Encouraging patients to take a more active and engaged role in their healthcare has been a key focus of healthcare providers in the wake of Meaningful Use requirements. What began as an industry mission with specific benchmarks and goals has since manifested into the actual use of myriad digital tools and platforms that are educating, engaging, and working to empower patients to increase accountability and responsibility for their own health and, when applicable, the health of their families. In fact, a recent HIMSS survey on how mobile apps and portals improve patient engagement indicated that on the provider side:

  • 73% of organizations used app-enabled patient portals to increase consumer participation in their overall health and wellness goals as well as meet relevant Stage 2 and Stage 3 Meaningful Use requirements under the Medicare and Medicaid EHR Incentive Programs.
  • Nearly half of those polled stated that “implementation of mobile services for access to information is a high priority at their organization.” Additionally, more than half – 57 percent – indicated that their facility implements a mobile technology policy, which often has a focus on mobile health security capabilities.
  • About one-third of polled healthcare organizations stated that they provide “organizational-specific apps” to the patient community.

(source: http://mhealthintelligence.com/news/how-mobile-health-apps-portals-improve-patient-engagement) 

One important facet in the goal to improve patient engagement is providing easier and faster access to personal health information (PHI). Manifested through Meaningful Use Stage 2, the benchmark is stated as:

Provide patients the ability to view online, download and transmit their health information within four business days of the information being available to the EP. (source: http://www.healthit.gov/providers-professionals/achieve-meaningful-use/core-measures-2/patient-ability-electronically-view-download-transmit-vdt-health-information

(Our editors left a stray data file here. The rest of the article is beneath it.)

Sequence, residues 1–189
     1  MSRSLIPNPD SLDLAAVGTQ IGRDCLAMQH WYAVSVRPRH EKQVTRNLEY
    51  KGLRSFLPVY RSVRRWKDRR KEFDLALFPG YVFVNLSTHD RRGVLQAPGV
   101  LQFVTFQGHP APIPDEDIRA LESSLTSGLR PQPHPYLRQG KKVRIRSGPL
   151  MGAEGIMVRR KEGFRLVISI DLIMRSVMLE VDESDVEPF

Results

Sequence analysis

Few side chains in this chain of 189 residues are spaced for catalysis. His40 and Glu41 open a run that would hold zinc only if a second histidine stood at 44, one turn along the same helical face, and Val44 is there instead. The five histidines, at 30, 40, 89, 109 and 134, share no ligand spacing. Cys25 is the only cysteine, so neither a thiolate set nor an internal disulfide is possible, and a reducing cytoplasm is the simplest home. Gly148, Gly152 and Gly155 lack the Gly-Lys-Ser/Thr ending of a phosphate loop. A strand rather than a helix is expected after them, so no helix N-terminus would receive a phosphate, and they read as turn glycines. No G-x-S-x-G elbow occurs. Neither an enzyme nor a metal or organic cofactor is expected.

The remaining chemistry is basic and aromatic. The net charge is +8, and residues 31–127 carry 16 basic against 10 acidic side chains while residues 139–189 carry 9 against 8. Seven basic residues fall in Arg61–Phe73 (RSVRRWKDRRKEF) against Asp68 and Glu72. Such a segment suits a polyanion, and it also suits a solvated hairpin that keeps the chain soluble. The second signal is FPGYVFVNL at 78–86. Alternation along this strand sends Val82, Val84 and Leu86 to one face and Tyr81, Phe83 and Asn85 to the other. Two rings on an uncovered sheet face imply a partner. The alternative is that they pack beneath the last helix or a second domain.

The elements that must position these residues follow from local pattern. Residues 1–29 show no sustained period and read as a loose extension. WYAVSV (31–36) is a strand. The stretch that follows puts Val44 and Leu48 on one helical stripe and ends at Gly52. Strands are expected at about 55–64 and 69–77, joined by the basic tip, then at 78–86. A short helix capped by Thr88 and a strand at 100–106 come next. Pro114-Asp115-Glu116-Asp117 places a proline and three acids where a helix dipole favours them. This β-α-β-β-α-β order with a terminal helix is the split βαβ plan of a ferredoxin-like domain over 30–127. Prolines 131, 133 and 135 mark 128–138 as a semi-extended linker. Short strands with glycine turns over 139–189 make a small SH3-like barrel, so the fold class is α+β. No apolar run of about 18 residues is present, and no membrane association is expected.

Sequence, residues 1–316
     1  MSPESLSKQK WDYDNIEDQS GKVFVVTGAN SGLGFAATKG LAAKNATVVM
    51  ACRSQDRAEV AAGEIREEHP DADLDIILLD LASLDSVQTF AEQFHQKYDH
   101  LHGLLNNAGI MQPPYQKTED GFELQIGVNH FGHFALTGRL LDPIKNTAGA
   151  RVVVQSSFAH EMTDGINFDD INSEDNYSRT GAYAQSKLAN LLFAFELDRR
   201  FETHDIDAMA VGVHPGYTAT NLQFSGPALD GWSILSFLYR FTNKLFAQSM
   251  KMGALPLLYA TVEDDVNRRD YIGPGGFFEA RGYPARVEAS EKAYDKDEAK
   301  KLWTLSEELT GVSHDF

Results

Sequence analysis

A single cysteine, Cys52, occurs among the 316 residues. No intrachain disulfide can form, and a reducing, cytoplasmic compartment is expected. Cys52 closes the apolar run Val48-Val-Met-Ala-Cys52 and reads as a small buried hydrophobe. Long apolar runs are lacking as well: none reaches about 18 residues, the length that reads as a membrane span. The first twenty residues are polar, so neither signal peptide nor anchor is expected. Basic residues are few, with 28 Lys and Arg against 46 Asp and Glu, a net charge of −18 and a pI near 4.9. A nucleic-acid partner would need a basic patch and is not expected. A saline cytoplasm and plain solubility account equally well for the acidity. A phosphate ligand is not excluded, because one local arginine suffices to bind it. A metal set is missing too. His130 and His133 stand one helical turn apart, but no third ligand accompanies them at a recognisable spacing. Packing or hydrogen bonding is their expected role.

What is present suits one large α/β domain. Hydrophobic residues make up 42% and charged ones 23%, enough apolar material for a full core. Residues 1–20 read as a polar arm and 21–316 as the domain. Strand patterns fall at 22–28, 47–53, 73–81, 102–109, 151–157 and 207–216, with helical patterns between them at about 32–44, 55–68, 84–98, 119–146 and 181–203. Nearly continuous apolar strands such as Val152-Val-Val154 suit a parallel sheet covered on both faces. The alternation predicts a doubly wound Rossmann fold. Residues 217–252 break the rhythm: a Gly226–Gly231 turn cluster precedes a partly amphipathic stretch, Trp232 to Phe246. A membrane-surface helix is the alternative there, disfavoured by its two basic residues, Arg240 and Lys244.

The idea is for healthcare providers to reach beyond traditional means of accessing PHI (think in person visits) and adopt digital health tools for easier, faster, and more convenient ways of accessing this data (think patient portals and provider mHealth apps). In concept, increasing the availability of tools and platforms to access PHI is a good thing — it caters to increasing patient demand to offer greater PHI accessibility through resources that offer more convenience and are in lockstep with the rise of the digital health movement. However, the explosion of digital tools for PHI access carries an inherent risk that patient identities will be compromised, stolen, or shared leading to a sharp increase in fraud and medical ID theft that poses a direct threat to not only patient safety and provider medical error liability, but also to the rising cost of healthcare. Not to mention the fact that the rising use of digital tools to access PHI compromises patient data integrity which is critical to maintain because of the ripple effect it has on the ability to provide accurate care along the continuum and the confidence it represents to successfully participate in health information exchanges (HIEs).